‘Mayabazar', now in colour, cinemascope and DTS audio, has hooked the Facebook generation.
Since last Saturday, Telugu film enthusiasts have been discussing a film made in 1957. The new big budget releases somehow pale in comparison with this masterpiece. For many of us who've been introduced to Mayabazar by our grandparents, the new colour version, with meticulous detailing and DTS sound, is a treat to the senses. The film, studied even today for its nuances of story telling, dialogues, characterisation, songs and film-making techniques, is no longer the 35-mm, black and white film with audio in a single track. The new colour version has been drawing packed houses even on weekdays, defying predictions of trade analysts. Now, plans are on to release another 40 to 45 prints in the state with more shows.
The film's producer C. Jagan Mohan stands vindicated. An entrepreneur who doesn't have a filmi background had cherished the dream of making Mayabazar in colour. As congratulatory calls pour in, he shares, “One can live a lifetime and regret not following a dream. I didn't want to regret later.”
Talking of colours: He has years of experience in All India Radio and audio is his forte, which made him think of redoing the sound on DTS. His technical expertise with new media helped convert the 35-mm film into cinemascope. A team of 165 people worked on the film for eight months.
Jagan Mohan knew what was lacking in colour versions of Mughal-e-Azam and Naya Daur and wanted Mayabazar to be leagues ahead. “It takes 1,80,000 shades of colour to arrive at a tone similar to that of human skin. Mughal-e-Azam used 35,000 colour technology (35,000 shades in a frame) and Naya Daur did a little better with 65,000 shades. For Mayabazar, we used 16.7 million colour technology.”
A few years ago, Jagan purchased the rights of 13 movies produced by Vijaya banner, including Missamma and Gundamma Katha. “Vijaya library was not keen on selling just Mayabazar. The rates of all their other films put together worked out to just 10-15 per cent more than what I had to pay for Mayabazar. I purchased the entire lot,” he recalls.
An ear for music: Those days, music was composed using live orchestra and audio, which included background score and dialogues, were all recorded on a single track. “We restored the audio, cleared the distortion, raised the voices and then found instrumental musicians to perform the same background music and recorded them on seven tracks,” explains Jagan. Even sound effects were done: For instance, the thump of Ghatotkacha's leather shoes and the ruffle of Savitri's sari against ANR's silk fabric… The songs are a rage once more but he has no plans of a commercial audio release. “It would involve issue of rights. And technically, we need to do more work to make it stereo compatible. But we may release the audio on the internet.”
One of the film's highlights, Lahiri Lahiri Lahiri Lo, unfolds on a moon-lit night, but was shot by the cinematographer in broad daylight. “Yet, he managed to capture the reflection of water on the faces of the actors. We tried to capture that essence in colour,” says Jagan.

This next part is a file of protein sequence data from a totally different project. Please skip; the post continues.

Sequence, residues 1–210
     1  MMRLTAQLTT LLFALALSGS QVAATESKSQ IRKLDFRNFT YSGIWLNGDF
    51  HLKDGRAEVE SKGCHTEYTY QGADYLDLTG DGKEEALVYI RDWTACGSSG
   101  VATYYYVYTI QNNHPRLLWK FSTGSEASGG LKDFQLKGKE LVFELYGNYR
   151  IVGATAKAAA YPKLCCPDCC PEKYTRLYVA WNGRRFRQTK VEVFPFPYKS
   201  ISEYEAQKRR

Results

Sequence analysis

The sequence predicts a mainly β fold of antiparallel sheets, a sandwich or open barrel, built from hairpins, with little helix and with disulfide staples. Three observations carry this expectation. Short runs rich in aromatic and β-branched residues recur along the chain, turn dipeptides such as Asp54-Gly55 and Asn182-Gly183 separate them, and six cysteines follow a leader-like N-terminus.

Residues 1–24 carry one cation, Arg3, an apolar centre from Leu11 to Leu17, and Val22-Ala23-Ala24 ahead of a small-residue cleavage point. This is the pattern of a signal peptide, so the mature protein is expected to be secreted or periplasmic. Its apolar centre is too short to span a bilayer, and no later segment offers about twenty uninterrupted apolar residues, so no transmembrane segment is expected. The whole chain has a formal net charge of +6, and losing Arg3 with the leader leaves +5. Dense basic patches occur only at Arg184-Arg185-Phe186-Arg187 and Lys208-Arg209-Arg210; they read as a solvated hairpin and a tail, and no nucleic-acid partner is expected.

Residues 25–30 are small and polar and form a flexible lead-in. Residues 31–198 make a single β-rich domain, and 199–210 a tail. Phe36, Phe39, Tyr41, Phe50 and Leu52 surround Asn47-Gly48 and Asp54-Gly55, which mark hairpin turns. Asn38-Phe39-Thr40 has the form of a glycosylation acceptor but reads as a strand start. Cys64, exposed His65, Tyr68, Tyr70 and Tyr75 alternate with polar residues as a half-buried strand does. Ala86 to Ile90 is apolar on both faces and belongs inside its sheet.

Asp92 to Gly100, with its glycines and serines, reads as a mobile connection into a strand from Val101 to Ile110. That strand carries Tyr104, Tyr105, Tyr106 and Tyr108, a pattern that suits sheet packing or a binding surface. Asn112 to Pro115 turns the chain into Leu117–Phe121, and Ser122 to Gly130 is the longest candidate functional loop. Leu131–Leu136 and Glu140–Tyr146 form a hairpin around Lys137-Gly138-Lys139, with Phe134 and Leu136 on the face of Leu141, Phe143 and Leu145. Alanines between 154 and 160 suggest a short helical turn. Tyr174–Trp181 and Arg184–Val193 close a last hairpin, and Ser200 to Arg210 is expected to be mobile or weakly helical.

If colouring clothes and jewellery and getting right skin tones were arduous, the song Vivaha Bhojanambu posed another challenge. “Food items have to look real after colouration. Laddus cannot appear a tinge too dark or light. The grey tones used in the original were not conducive for perfect colouration. Hence, we had to change the grey scale before giving the colour.”
Jagan picks out the climax wedding scene as the most challenging. “Each and every rose petal strewn on the pathway had to be coloured. Further, each frame in the climax has many actors. In technical parlance, we refer to a set of colours used for skin tone, clothes, jewellery and so on as different masks. If five or six masks were used on one character, the presence of many actors in a frame called for that much more work.”
Ripple effect: Now that the hard work has paid off, Jagan is glad. He smiles, “The truth is, we were able to do all this work since the original was a masterpiece, technically way ahead of its time. Remember the scene where young Sasirekha gazes into a pool of water, and through the ripples we see her morph into a young maiden. Cinematographers debate till now on how Marcus Bartley shot the scene without a cut.” The highlights are far too many to be told within these columns. Jagan is considering bringing out a book on the making of Mayabazar in colour. This film will also be released in Chennai and may be dubbed in Tamil, going by the reception.
Incidentally, Jagan's team also worked on Rajkumar's Kannada film Satya Harishchandra. “When producer K.C.N. Gowda approached me, I was surprised since it would cost more than one crore. Most big budget Kannada films don't cost more than Rs. 50 lakh. Yet, he was persistent. Finally, people appreciated the effort.”